A consideration of the legal relationship between an indigent defendant and his court-appointed attorney is pertinent to the decision at hand.  By constitutional provision and statute an accused is guaranteed the right to be represented by counsel or to represent himself. (People v. Mattson, supra, 51 Cal. 2d 777, 788 [336 P.2d 937].) However, this guarantee does not afford him the right to have his case presented in court "both by himself and by counsel acting at the same time or alternating at" his pleasure. (People v. Mattson, supra, 51 Cal. 2d 777, 789 [336 P.2d 937]; People v. Northcott, 209 Cal. 639, 648 [289 P. 634, 70 A.L.R. 806].) As a consequence, while represented by counsel "he has no right to be heard by himself" and must abide his attorney's judgment in the premises. (People v. Mattson, supra, 51 Cal. 2d 777, 789 [336 P.2d 937].)  The law does not "require that an intelligent, competent defendant who obdurately insists upon controlling and conducting his own defense should be entitled as a matter of right to the services of counsel to act under defendant's control." (People v. Mattson, supra, 51 Cal. 2d 777, 793 [336 P.2d 937].)  The attorney is not required to accede to his client's wishes in a matter which experience, sound judgment, law or ethics direct are not consistent with his client's best interests. If the client does not wish to accept his attorney's judgment and abide by his advice, the alternative is for him to discharge his attorney and obtain another, or represent himself. (People v. Mattson, supra, 51 Cal. 2d 777, 794 [336 P.2d 937].)  Where the attorney is court-appointed the exercise of this alternative requires court action. The defendant must accept the attorney selected for him by the court in the exercise of a sound legal discretion; is not entitled to an attorney of his own choosing (People v. Chessman, 52 Cal. 2d 467, 491 [341 P.2d 679]; People v. Manchetti, 29 Cal. 2d 452, 458 [175 P.2d 533]; People v. DeLosa, 184 Cal. App. 2d 681, 684 [7 Cal.Rptr. 753]); in the absence of compelling reason, may not require the court to appoint another attorney for him; and is not entitled to a routine change of attorneys until he obtains one who is willing to subject his professional judgment to the judgment of his client, or who, perchance, is of the same opinion as the defendant with respect to matters of trial advantage, ethics or law.  If the court does not believe that an indigent defendant is entitled to a change of attorneys, he must proceed with the attorney assigned to him, or waive his right to counsel and represent himself. Even [186 Cal. App. 2d 316] the alternative is subject to court supervision, and before permission to do so is granted the court is duty bound to determine whether the defendant is making an intelligent and competent waiver. (People v. Mattson, supra, 51 Cal. 2d 777, 794 [336 P.2d 937]; People v. Chesser, 29 Cal. 2d 815, 821 [178 P.2d 761, 170 A.L.R. 246]; Johnson v. Zerbst, 304 U.S. 458, 465 [58 S. Ct. 1019, 82 L. Ed. 1461, 146 A.L.R. 357].)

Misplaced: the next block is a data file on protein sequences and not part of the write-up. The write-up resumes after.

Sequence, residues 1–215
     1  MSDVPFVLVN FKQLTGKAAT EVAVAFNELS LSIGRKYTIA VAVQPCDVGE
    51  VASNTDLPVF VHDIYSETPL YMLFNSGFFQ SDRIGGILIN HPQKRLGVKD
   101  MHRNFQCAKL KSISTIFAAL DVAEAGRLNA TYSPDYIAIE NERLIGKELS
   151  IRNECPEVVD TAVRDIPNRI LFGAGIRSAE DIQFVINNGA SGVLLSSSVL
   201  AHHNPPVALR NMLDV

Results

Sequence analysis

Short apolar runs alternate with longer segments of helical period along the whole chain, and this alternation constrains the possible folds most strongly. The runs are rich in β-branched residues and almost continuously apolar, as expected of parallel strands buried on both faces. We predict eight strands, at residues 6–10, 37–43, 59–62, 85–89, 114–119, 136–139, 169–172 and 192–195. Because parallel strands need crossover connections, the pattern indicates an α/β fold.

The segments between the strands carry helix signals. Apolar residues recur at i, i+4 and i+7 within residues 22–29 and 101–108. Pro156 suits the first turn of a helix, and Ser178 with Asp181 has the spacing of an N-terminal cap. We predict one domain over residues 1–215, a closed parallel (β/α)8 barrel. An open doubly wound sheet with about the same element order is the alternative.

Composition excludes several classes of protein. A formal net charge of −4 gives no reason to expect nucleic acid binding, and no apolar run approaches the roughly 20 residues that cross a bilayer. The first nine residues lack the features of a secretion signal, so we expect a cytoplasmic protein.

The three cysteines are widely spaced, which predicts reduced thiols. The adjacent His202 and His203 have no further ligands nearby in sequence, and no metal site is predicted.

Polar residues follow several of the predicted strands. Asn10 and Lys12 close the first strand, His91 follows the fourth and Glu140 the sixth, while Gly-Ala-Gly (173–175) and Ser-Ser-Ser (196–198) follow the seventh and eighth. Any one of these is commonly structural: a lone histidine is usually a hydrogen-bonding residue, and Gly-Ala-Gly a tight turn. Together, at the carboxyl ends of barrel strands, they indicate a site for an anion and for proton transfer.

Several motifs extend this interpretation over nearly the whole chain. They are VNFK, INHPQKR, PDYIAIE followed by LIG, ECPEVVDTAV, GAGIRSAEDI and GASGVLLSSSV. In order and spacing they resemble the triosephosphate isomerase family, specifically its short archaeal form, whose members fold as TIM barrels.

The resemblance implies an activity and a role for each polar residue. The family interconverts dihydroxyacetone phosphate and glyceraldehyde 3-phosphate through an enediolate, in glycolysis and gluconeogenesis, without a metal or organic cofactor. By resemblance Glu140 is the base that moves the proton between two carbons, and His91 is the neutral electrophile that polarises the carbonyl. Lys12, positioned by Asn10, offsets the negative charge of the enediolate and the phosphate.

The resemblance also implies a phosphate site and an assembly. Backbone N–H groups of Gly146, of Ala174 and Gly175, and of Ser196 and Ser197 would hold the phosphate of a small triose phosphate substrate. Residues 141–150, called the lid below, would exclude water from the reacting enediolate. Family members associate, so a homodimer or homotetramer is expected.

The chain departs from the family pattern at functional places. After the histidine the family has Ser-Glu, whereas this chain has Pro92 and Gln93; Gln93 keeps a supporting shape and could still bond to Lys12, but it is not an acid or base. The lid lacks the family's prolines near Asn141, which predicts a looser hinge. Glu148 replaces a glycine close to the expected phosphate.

These requirements do not violate the defendant's constitutionally guaranteed right to the aid of counsel; nor do they deprive him of due process of law. They are invoked to insure a fair trial to both the defendant and the state; to safeguard a defendant against his own incompetence; to effect that administration of the law which must recognize not only the rights of the defendant but also his obligations to society, as well as the rights of society and its obligations to the defendant; to afford the defendant the benefit of every legal right and concurrently preserve to the court that virility essential to the discharge of its obligation to "safeguard and promote the orderly and expeditious conduct of its business" (People v. Mattson, supra, 51 Cal. 2d 777, 792 [336 P.2d 937]) which is a law-imposed duty for the protection of both the defendant and society; to furnish an accused with legal counsel within the framework of the law and practical limitations; and to extend fair consideration to the court-appointed attorney as well as to the defendant he is assigned to represent.